Many people are rightly preoccupied by the unfolding political events in Washington with Donald Trump becoming the first ever President to be impeached twice and Joe Biden waiting to formally take office next week.
After the horrific, tumultuous events of last week with the assault on the Capital by the pro-Trump mob, Joe Biden’s mandate is even more complicated and even larger.
The reality is that President Trump leaves a fractured, divided nation. Tens of millions of Americans seem to have bought into Trump’s alternative-fact agenda that experts argue is sitting on the precipice of sliding into fascism.
Climate scientists are looking forward to the political change and hopefully progressive climate and other environmental policies from the incoming Biden Administration.
Trump’s dystopian, horrendous legacy spreads beyond a broken country. His record on climate and ecological issues is beyond horrific too. And it will continue long after he leaves office.
Joe Biden may re-enter the U.S. into the Paris Agreement, but it is difficult to simply undo the polluting policies of the Trump Administration. Carbon dioxide lasts for decades in the atmosphere.
From a climate perspective, Trump’s presidency was a disaster. The world burned on Trump’s watch. In the dying days of his Presidency the bad climate news continues.
Earlier today, the UN Environment Programme issued a stark warning that many Governments have failed to take the necessary measures needed to adapt to the impacts of climate breakdown, chief amongst them the United States.
Yesterday, leading scientists warned that the planet is facing a “ghastly future of mass extinction, declining health and climate-disruption upheavals” that could threat the future of humanity if we do not act.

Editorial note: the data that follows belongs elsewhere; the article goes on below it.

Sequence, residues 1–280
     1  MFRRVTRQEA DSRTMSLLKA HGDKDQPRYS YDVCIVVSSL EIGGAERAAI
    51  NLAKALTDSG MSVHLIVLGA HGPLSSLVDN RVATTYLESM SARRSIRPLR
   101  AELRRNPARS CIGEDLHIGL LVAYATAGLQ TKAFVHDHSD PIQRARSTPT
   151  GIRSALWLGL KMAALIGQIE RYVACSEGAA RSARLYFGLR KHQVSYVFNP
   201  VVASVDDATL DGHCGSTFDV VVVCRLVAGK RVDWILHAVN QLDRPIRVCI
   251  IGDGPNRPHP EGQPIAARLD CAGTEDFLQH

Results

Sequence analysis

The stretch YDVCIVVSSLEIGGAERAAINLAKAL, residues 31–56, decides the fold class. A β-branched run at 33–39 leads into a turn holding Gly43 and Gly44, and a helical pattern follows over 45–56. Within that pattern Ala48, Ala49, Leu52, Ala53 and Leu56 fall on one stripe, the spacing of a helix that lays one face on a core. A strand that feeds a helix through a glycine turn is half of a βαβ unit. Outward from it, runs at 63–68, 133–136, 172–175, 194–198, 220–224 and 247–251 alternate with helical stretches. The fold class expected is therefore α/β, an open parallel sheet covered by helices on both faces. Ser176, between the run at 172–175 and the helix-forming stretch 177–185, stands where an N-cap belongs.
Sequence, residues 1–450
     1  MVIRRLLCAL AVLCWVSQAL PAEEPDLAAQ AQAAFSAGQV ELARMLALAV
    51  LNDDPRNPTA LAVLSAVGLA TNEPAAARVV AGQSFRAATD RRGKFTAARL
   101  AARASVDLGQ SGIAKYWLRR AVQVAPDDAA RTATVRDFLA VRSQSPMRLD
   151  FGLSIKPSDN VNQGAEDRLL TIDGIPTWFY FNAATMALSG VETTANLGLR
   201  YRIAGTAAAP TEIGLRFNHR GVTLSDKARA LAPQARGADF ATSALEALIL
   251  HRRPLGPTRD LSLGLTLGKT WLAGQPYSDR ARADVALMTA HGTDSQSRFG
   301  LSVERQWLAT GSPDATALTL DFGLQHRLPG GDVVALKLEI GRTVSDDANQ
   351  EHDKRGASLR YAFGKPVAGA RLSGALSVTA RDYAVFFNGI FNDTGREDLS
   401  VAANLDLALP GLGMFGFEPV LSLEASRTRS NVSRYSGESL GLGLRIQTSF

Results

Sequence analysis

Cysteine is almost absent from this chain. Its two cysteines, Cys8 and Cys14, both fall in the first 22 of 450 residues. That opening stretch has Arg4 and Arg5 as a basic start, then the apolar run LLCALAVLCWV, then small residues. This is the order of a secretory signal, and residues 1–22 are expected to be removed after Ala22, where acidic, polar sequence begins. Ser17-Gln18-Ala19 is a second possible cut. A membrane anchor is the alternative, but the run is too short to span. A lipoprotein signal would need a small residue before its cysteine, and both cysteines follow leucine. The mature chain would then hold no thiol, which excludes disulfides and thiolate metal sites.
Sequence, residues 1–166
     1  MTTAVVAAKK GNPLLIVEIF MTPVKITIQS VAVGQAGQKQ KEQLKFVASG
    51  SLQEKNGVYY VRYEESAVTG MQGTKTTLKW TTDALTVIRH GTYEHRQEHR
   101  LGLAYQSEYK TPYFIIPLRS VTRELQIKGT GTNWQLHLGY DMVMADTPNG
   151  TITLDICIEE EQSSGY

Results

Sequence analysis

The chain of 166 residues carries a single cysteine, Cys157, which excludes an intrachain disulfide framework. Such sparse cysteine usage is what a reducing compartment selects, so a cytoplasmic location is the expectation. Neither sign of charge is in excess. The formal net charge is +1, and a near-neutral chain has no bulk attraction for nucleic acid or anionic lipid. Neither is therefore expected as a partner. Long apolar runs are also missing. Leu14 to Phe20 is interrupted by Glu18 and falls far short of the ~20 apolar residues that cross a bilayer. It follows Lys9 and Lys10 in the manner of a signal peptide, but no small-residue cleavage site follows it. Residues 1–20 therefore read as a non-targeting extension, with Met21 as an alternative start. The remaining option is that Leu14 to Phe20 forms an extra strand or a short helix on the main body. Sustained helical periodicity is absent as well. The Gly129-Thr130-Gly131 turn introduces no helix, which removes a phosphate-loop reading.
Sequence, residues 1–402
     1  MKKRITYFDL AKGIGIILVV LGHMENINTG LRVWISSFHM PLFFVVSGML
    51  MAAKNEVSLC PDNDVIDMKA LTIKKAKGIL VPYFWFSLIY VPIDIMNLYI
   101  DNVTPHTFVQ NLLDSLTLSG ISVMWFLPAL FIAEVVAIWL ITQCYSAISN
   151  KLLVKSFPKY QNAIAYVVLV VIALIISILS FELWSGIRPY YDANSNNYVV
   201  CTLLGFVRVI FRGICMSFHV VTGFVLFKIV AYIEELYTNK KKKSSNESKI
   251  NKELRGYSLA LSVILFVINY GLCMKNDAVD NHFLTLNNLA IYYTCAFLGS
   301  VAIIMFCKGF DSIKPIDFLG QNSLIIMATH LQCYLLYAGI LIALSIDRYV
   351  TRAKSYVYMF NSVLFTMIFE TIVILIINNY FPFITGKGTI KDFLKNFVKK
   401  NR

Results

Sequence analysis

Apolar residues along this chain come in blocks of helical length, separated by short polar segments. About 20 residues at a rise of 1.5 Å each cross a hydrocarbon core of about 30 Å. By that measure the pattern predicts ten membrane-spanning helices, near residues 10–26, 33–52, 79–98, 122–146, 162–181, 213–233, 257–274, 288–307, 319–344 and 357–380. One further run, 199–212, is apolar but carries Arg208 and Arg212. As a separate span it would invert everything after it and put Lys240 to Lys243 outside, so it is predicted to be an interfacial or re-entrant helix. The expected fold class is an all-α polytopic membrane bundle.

In stark language they wrote: “The scale of the threats to the biosphere and all its lifeforms—including humanity—is in fact so great that it is difficult to grasp for even well-informed experts.”
The three issues they singled out for concern included: climate change, biodiversity loss, ecological “overshoot” including overconsumption and population size, as well as “failed goals” and “political impotence.”
Once again the U.S. is a chief culprit here. To give just one example, Trump has listed the fewest endangered species of any president, ever.
The scientists wrote: “If most of the world’s population truly understood and appreciated the magnitude of the crises we summarize here, and the inevitability of worsening conditions, one could logically expect positive changes in politics and policies to match the gravity of the existential threats. But the opposite is unfolding. The rise of right-wing populist leaders is associated with anti-environment agendas as seen recently for example in Brazil, the USA, and Australia.”
And America experienced record climate disasters with him as Commander-in-Chief. Last Friday, NOAA issued a report stating that last year, there had been 22 individual weather/climate disaster events with losses exceeding USD 1 billion affecting the U.S.
These events included 1 drought event, 13 severe storm events, 7 tropical cyclone events and one well-documented wildfire event.
Overall reported NOAA, these events resulted in the deaths of 262 people in the US and had significant adverse economic impacts.
For now, climate scientists are looking forward to the political change and hopefully progressive climate and other environmental policies from the incoming Biden Administration.
“Historically, there is always a pendulum to swing back and forth between Democratic and Republican administrations on the environment, and, theoretically, the environment can recover,” Jody Freeman, a Professor of Environmental Law at Harvard and a former adviser to the Obama administration told the Chicago Tribune last year, “you can put rules back in place that clean up the air and water. But climate change doesn’t work like that.”
Because carbon dioxide hangs around for such a long time in the atmosphere, there is no time to lose in reducing emissions now and enacting a just transition to clean energy.
Michael Mann, one of the world’s leading climate scientist at Penn State, responded to NOAA’s report by stating “hopefully this is the year where we finally see the sort of action, by the U.S. and the rest of the world, that is necessary to prevent things from getting worse.”
Mann, promoting his newly released new book “The New Climate War: The Fight to Take Back Our Planet,” mentions that with the Biden Administration, the U.S. is in a position to re-establish itself as a global leader on climate change.
It makes ecological sense. It makes financial sense. It makes sense for jobs. Mann adds “there are potentially a far greater number of jobs to be provided from renewable energy, from wind and solar, than in the largely-automated now fossil fuel industries like natural gas and coal.”